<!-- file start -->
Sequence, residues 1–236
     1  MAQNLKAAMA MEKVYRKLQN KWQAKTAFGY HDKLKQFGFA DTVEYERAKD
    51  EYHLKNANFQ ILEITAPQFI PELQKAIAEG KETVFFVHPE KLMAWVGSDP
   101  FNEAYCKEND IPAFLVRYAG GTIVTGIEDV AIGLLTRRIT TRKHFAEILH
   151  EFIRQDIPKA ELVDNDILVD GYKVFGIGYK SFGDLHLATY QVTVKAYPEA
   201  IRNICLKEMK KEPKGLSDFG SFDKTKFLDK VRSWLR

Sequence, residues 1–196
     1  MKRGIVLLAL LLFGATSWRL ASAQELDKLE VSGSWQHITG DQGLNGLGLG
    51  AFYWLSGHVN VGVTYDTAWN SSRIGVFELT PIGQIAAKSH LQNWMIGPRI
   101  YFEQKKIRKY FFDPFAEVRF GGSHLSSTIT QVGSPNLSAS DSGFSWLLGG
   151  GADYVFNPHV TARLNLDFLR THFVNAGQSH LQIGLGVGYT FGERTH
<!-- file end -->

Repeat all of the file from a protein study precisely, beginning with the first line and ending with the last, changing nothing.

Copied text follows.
Sequence, residues 1–236
     1  MAQNLKAAMA MEKVYRKLQN KWQAKTAFGY HDKLKQFGFA DTVEYERAKD
    51  EYHLKNANFQ ILEITAPQFI PELQKAIAEG KETVFFVHPE KLMAWVGSDP
   101  FNEAYCKEND IPAFLVRYAG GTIVTGIEDV AIGLLTRRIT TRKHFAEILH
   151  EFIRQDIPKA ELVDNDILVD GYKVFGIGYK SFGDLHLATY QVTVKAYPEA
   201  IRNICLKEMK KEPKGLSDFG SFDKTKFLDK VRSWLR

Sequence, residues 1–196
     1  MKRGIVLLAL LLFGATSWRL ASAQELDKLE VSGSWQHITG DQGLNGLGLG
    51  AFYWLSGHVN VGVTYDTAWN SSRIGVFELT PIGQIAAKSH LQNWMIGPRI
   101  YFEQKKIRKY FFDPFAEVRF GGSHLSSTIT QVGSPNLSAS DSGFSWLLGG
   151  GADYVFNPHV TARLNLDFLR THFVNAGQSH LQIGLGVGYT FGERTH